As Bush emerged as the 2000 GOP nominee, McKay began thinking about Yak-Zies, a chicken-wing joint he’d known in Chicago. “Everyone there wore sweatshirts and backward caps,” he says. “And everyone was vaguely aggressive. These people were our age, making no effort whatsoever, and they were really confident about it. Like ‘Frat! The House!’ with nothing to back it up.” At the Second City, McKay had written a Ramones-style song mocking frat culture. “We were laughing so hard during rehearsal, but when we did it onstage no one laughed. It got me thinking: What’s a purchase point where you can get an audience to go down this road with you?”
At the risk of sounding like Dr. Seuss, the purchase point wasn’t a what—it was a who. Ferrell and McKay’s squinting, dunderheaded Bush returned SNL to the forefront of the national conversation and made Ferrell the show’s biggest star, preparing the way for his career-making role as a fortysomething frat dude in 2003’s Old School.
“Of course, the irony of this is, who’s loving all this shit now?” McKay asks. “The frat people!”
In 1999, Ferrell asked McKay if he’d like to collaborate on a screenplay, and together they wrote August Blow-Out, about the month in which car dealers slash prices to make way for new inventory. Jeff Tanner (Ferrell) is the movie’s hero, a super-salesman obsessed with Top Gun (or T. Gun, as he calls it) and whose conquests reportedly include Crystal Gayle. This particular August, though, Jeff goes into a horrible selling slump. His legend collapses. “Don’t you get it?” he tells a disappointed coworker. “I never slept with Crystal Gayle! I once pulled Juice Newton’s pants down on a dare! That’s it!”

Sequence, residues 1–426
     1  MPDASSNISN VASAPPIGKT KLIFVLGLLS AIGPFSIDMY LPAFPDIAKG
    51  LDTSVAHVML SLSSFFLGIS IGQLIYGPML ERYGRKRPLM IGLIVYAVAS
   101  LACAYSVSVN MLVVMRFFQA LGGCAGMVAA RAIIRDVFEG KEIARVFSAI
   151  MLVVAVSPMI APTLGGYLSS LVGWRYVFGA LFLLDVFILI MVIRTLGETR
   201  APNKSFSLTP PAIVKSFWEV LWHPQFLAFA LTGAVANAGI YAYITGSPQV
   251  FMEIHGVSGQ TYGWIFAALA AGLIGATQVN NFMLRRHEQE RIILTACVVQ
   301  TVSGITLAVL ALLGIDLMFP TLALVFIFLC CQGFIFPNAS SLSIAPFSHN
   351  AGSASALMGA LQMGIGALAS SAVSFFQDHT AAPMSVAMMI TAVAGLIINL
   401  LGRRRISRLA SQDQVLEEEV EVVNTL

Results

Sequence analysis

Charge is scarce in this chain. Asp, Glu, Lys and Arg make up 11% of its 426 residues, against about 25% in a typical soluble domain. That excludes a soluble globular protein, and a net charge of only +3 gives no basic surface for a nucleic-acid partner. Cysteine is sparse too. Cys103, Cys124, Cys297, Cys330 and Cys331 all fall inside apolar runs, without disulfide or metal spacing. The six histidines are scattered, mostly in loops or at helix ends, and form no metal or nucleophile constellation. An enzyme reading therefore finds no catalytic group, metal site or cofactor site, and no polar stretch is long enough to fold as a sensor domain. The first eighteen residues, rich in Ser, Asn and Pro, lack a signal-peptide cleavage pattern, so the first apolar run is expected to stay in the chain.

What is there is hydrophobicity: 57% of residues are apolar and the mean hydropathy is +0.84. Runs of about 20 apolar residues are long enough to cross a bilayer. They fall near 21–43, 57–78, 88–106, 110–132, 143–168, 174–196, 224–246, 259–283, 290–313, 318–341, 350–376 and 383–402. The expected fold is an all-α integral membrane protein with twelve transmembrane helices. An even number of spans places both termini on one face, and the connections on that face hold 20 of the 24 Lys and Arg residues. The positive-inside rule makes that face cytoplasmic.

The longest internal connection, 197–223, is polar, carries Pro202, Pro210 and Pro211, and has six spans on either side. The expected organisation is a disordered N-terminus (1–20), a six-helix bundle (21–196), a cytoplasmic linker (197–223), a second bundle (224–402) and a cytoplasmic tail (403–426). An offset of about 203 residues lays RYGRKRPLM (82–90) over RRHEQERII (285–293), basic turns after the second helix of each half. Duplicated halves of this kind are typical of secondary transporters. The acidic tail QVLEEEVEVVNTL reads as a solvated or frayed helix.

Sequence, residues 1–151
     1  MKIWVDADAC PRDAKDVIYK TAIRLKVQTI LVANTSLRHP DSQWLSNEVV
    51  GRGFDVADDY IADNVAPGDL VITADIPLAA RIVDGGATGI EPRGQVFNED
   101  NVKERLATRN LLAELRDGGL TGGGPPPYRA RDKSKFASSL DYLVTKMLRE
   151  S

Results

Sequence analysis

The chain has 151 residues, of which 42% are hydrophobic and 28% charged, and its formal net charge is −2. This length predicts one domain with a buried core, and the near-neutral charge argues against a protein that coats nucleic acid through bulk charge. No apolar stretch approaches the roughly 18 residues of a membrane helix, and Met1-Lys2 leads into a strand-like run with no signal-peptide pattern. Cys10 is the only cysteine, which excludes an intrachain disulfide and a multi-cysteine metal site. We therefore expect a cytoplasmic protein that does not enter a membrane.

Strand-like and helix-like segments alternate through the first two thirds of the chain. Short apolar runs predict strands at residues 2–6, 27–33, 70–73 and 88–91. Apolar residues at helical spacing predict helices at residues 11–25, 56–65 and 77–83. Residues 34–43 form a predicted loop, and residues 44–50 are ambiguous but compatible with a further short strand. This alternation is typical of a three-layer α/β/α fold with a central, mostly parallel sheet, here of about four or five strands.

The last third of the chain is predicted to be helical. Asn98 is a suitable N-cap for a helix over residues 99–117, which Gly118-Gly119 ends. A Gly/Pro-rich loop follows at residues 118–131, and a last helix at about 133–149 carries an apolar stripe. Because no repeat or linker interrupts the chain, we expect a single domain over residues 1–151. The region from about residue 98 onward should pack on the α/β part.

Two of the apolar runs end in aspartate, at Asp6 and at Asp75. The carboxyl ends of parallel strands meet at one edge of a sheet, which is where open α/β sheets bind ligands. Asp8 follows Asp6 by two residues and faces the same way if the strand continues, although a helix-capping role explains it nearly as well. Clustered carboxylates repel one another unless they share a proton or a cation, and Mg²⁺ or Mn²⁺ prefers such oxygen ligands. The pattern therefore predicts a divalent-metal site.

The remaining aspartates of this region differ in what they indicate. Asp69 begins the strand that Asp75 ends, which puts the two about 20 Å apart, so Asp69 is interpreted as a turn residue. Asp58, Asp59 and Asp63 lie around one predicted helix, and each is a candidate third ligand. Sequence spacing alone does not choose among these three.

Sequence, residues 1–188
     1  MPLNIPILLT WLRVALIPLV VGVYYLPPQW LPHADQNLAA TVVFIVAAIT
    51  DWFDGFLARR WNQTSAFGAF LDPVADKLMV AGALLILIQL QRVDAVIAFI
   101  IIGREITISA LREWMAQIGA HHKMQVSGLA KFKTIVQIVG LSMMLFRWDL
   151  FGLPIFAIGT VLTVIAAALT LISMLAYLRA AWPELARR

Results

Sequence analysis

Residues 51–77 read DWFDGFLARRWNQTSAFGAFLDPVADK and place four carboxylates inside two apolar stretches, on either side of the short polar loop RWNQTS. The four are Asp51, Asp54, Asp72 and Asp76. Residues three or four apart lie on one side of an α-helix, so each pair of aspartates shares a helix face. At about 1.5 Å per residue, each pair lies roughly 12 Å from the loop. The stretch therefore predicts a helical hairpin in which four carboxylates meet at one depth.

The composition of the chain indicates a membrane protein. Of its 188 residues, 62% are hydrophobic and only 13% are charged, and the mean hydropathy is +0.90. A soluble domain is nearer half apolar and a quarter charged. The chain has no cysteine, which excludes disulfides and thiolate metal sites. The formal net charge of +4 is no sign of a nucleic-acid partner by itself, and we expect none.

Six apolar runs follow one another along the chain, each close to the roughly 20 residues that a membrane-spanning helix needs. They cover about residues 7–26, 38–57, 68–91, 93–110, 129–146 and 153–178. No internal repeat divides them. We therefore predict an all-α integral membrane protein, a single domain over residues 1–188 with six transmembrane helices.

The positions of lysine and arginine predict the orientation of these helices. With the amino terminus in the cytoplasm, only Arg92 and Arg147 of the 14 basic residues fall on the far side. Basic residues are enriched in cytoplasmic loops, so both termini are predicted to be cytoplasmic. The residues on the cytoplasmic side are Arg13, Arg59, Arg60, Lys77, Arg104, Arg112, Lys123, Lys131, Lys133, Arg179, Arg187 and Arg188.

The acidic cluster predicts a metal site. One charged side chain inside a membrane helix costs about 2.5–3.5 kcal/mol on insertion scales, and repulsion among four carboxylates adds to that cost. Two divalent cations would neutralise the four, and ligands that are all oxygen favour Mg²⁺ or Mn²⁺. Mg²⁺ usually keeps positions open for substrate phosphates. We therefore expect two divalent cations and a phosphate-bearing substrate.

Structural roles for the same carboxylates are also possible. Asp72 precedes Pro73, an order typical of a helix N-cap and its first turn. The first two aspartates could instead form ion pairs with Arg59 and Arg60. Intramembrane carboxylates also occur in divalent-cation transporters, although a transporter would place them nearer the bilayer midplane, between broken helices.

“The script never got made,” says Ferrell, “but we got a lot of attention on it and thought we should continue this process.”
By now McKay had spent four years at SNL. He was eager to concentrate full-time on scriptwriting, so his manager urged him to first make an “unreasonable demand.” Thus, McKay requested that Michaels: (a) demote him, (b) excuse him from meetings, (c) confine his duties to digital shorts, and (d) pay him more money. Michaels agreed to all of it.
McKay’s hope was to establish himself with the shorts so he could direct features in Hollywood. “The films were pretty much ‘Adam Unfiltered,’¿” says Sanz. The most out-there was The H Is O, in which Ben Stiller makes a bet that he can seduce Glenn Frey (played by Ferrell) in a bar and succeeds—only to end up mauled and cowering in Frey’s bed.
McKay put in two more seasons at SNL, then left the show for good. “I was writing some scripts,” he says. “Plus, I thought, I can’t keep doing this, because it is a little uncool that I’m a writer and I don’t have to go to meetings. I think it annoyed some people.”
On a bench on the Sony lot, McKay smokes a cigarette and discusses the genesis of Anchorman, which remains his signature (and favorite) movie. One day, he says, Will Ferrell happened to see an interview in which the retired Philadelphia newsman Mort Crim was reminiscing about his tenure working alongside pioneering newswoman Jessica Savitch. “It was hilarious. Crim was like, ‘I’ll be honest, I was a male chauvinist pig!’¿” McKay laughs. “We kept talking about it: ‘God, can you imagine what fuckers those guys must have been?’¿” Ferrell found the voice, and then they started writing.